February, 2012….Sarasota, FL…. Aspirin is one of the most commonly used and well known drugs to the American public. If you include aspirin’s relatives, the non-steroidal anti-inflammatory drugs (ibuprofen, Aleve, Advil, etc), then it is likely you’d find one of these medications in every home. While the benefits of this class of drugs in treating pain, fever, and even heart disease is legend, there are a significant number of people who must steer away from them due to their allergies.
Allergic reactions to these medications are usually one of two types – skin reactions including hives and facial swelling (angioedema) or breathing difficulties (typically in patients with asthma). The skin reactors often react to a specific non-steroidal anti-inflammatory agent (NSAID) and not the whole class of drugs, including aspirin. These patients are advised to avoid the offending agent and use an alternative. In some cases of patients having ongoing hives or angioedema for other reasons, taking an aspirin or a NSAID will worsen the hives, yet in the absence of the chronic hives, the medication is tolerated just fine.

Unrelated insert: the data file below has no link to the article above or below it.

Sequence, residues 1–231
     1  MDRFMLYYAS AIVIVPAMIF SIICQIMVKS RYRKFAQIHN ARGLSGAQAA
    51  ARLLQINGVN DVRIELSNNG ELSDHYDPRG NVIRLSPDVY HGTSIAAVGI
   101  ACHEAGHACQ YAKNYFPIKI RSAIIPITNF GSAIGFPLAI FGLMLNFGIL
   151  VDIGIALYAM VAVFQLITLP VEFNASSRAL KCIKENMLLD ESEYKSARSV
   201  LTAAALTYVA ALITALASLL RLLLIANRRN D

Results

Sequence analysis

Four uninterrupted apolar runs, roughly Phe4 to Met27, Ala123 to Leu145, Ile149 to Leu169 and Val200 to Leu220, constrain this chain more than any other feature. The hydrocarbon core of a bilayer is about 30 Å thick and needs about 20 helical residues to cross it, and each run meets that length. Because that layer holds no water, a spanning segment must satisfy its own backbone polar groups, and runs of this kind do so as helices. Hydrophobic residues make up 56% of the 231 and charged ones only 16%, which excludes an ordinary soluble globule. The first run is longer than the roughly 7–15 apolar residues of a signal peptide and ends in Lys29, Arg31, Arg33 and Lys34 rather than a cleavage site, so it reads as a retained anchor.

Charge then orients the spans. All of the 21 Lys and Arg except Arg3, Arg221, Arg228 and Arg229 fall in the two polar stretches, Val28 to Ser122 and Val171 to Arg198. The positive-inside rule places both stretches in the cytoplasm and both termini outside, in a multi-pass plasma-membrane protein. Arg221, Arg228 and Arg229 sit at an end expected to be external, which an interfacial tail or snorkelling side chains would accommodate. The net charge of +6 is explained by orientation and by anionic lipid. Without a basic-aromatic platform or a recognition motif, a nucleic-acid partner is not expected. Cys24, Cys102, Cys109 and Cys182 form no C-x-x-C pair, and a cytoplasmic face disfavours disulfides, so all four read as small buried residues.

The folks that have breathing problems after an aspirin or NSAID are a more serious bunch, as the reaction can be so severe to require emergency room treatment and even hospitalization. As mentioned, this almost always occurs in people with underlying asthma, often in those with nasal polyps as well (the aspirin triad, or Samter’s disease named after a Chicago physician who first described this type of patient). Once this occurs, the entire class of anti-inflammatory drugs should be avoided, since they can all cause the same reaction. Tylenol or acetaminophen, is unrelated to these medications and can be safely used. Fewer than 3% of all asthmatics are allergic to aspirin, so we don’t routinely restrict its use, only in those that have demonstrated sensitivity.
Fortunately, for the asthmatics allergic to aspirin, studies have been done to prove that desensitizing them to aspirin is safe and can not only allow them to take the entire class of medications freely, but also many find their asthma and nasal polyps improve. Here in our Sarasota practice we have been desensitizing aspirin allergic patients since the late 1990’s. Dr. Windom led a study at the University of South Florida that established a simpler protocol for aspirin desensitization, ideal for the outpatient clinic. That protocol is still being used here and elsewhere around the country. After a series of six weekly, two hour office visits wherein a gradually increasing dose of aspirin is administered, patients are maintained on daily aspirin at home. With the allergy ‘turned off’ they can then take other NSAID’s as needed for aches and pains.
Allergies to aspirin or other anti-inflammatory medicine is treatable and should not be viewed as a forever problem.